git clone https://github.com/AntonFagerberg/temp_log.git

The first thing we should edit is the file config/config.exs and set the values we used in the previous step when we created the database. When this is done, we can migrate the database. It is important that the code for reading from the sensors won’t be started when we do this so make sure that TempLog.Reader is commented out in the file lib/main.ex:

children = [
  worker(Repo, []),
  #worker(TempLog.Reader, []),
  worker(TempLog.HTTP, [])

If it’s commented out as above, go ahead and type the following commands:

mix deps.get
mix ecto.migrate -r Repo

This will fetch all required dependencies and migrate the database (create the appropriate tables).

When this is done, go ahead and remove the comment above to enable TempLog.Reader. We’re now ready to test the application. To start it in a interactive shell, type:

iex -S mix

You should now see messages stating that sensor data was saved to the database. A new record is saved in the database once every minute.

23:17:49.089 [debug] INSERT INTO "entry" ("sensor", "temperature", "timestamp") VALUES ($1, $2, $3) RETURNING "id" ["28-0114651de1ff", 2562, { {2015, 3, 5}, {23, 17, 49} }] (9.0ms)

The data stored consists of three fields: sensor name (28-…), temperature in 1/1000 degrees celsius and a timestamp.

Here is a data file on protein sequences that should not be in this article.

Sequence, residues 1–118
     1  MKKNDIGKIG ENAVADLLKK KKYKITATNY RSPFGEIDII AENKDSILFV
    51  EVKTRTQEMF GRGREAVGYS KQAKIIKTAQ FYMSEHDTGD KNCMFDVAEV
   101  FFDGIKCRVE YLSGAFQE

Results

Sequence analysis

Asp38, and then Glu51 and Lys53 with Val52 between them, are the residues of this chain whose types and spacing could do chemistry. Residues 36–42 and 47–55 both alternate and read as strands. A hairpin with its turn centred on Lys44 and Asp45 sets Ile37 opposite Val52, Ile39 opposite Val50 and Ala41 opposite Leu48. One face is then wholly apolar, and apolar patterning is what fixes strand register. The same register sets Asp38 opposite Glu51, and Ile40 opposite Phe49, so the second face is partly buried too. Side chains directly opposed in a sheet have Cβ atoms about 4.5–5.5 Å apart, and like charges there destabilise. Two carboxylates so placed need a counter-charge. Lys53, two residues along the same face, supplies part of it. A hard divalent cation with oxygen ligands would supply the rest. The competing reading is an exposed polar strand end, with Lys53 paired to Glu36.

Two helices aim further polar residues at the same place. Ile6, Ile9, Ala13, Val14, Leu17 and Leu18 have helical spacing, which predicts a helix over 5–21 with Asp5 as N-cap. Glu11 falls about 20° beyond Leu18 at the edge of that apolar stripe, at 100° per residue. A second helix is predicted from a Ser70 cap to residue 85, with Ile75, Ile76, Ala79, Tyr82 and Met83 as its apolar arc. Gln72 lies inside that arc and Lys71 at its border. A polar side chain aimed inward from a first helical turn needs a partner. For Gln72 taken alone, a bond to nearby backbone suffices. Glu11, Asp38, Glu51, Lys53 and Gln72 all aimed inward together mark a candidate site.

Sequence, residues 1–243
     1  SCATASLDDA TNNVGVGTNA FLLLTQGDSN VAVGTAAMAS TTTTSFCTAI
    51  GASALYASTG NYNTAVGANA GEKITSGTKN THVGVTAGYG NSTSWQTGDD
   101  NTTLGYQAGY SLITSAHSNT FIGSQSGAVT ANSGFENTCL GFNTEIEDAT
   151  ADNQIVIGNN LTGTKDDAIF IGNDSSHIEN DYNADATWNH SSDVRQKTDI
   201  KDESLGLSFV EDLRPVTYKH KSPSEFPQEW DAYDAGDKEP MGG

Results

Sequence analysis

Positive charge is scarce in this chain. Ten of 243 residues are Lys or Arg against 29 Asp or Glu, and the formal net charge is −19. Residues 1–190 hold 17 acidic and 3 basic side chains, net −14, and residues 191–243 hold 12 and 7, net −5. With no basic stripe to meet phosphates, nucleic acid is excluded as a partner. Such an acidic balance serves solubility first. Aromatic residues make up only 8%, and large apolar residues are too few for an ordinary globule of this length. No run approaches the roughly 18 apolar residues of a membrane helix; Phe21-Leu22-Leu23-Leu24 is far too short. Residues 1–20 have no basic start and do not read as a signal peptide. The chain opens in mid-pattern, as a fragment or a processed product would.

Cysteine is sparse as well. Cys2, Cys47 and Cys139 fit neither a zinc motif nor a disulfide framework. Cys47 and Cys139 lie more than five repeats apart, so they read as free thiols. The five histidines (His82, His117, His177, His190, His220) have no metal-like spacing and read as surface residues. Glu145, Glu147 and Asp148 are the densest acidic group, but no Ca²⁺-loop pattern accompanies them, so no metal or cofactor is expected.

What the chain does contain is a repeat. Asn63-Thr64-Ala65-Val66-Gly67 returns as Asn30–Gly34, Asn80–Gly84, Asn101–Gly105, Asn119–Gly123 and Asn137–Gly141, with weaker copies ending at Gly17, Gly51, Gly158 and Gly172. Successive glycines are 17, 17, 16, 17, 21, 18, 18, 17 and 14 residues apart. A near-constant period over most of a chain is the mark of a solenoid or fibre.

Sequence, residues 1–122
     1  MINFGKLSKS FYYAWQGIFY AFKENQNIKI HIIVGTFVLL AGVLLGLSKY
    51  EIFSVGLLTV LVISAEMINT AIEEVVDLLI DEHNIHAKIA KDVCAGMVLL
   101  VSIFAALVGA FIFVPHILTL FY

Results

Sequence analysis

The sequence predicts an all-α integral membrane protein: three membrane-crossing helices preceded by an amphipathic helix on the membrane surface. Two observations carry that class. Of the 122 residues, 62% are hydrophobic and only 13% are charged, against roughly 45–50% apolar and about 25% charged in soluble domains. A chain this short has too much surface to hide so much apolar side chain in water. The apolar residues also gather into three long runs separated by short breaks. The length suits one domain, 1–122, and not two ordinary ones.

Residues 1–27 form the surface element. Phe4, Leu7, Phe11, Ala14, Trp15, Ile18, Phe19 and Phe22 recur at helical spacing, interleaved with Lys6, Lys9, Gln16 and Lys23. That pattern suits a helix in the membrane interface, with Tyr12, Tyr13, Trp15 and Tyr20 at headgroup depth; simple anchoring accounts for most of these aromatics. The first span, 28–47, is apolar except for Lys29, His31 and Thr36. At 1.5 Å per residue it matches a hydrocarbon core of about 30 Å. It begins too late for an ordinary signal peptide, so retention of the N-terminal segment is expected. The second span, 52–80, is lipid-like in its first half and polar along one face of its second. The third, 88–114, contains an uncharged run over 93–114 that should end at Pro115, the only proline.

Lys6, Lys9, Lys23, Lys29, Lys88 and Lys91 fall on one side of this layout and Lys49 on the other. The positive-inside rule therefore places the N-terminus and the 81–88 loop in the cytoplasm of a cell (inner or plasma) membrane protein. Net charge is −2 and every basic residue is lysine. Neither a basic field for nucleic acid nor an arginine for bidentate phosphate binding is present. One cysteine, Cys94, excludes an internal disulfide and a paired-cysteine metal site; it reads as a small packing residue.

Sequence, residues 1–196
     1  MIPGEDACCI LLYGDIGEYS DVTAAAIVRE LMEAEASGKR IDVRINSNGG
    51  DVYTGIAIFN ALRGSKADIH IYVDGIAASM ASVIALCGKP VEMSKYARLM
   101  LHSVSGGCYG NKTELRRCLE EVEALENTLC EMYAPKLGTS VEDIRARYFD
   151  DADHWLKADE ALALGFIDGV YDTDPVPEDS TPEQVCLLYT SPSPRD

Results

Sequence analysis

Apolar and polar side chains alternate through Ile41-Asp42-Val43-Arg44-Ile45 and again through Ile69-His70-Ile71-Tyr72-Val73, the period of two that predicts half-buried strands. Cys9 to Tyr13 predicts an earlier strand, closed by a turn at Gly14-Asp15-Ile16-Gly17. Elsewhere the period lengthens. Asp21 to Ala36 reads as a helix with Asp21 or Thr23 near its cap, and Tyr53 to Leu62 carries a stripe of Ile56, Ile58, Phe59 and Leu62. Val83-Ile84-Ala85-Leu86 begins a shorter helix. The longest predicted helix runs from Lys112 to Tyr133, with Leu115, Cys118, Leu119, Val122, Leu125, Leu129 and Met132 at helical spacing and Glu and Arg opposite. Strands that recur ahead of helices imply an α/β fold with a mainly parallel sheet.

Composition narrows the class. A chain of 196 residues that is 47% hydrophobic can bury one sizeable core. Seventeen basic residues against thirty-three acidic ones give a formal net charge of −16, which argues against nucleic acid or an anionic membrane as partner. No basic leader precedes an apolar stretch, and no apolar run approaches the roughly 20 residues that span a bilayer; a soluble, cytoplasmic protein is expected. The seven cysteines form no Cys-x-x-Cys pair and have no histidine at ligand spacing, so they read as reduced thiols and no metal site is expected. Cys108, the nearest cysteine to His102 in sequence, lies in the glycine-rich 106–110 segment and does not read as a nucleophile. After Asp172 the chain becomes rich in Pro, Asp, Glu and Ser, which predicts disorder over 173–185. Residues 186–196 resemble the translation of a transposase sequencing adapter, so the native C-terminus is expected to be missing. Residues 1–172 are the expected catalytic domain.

Web interface & API

The application has a web interface but will also exposes a simple API. The file lib/api.ex is responsible for exposing the API end-points. It will also serve the simple web interface which calls the end-points and displays the results using chartjs.

temp_log graph

The application is running on port 4000 by default. (See below how to change it.)

Extending the API

You can extend the system and develop other end-points if you like. Take a look in lib/query.ex to see how the database is queried and how the results are collected. The project uses Ecto but I haven’t used its DSL in this project.

New end-points can be added in the file lib/api.ex. This file is also responsible for serving the template (html-file) stored in lib/templates/index.eex and the public files (main javascript & css) from the pub/ folder.


Sensor precision

My sensor has a precision of ±0.5 degrees celcius so that’s what I convert my sensory data to in the graphs. If you want to change this behaviour, you can open the file pub/main.js and change the following function:

function tempFormat(temps) {
  return temps.map(function (temp) {
    return (Math.round(2 * temp / 1000) / 2).toFixed(1);

HTTP port

Per default, the HTTP server listens on port 4000. To change the port, open the file lib/http_worker.ex and change the init-function:

Plug.Adapters.Cowboy.http TempLog.API, [], port: 4000

Read interval

Per default, the application reads the temperature once every minute. To change this, modify the file lib/reader.ex and change the sleep timer:

:timer.sleep(60_000) # Sleep 1 min before reading the next value.

Fake data

You can fill the database with fake data if you want to develop another web-client. You can start populating the database with fake data from the iex shell by calling the method:


Source code

Source code on GitHub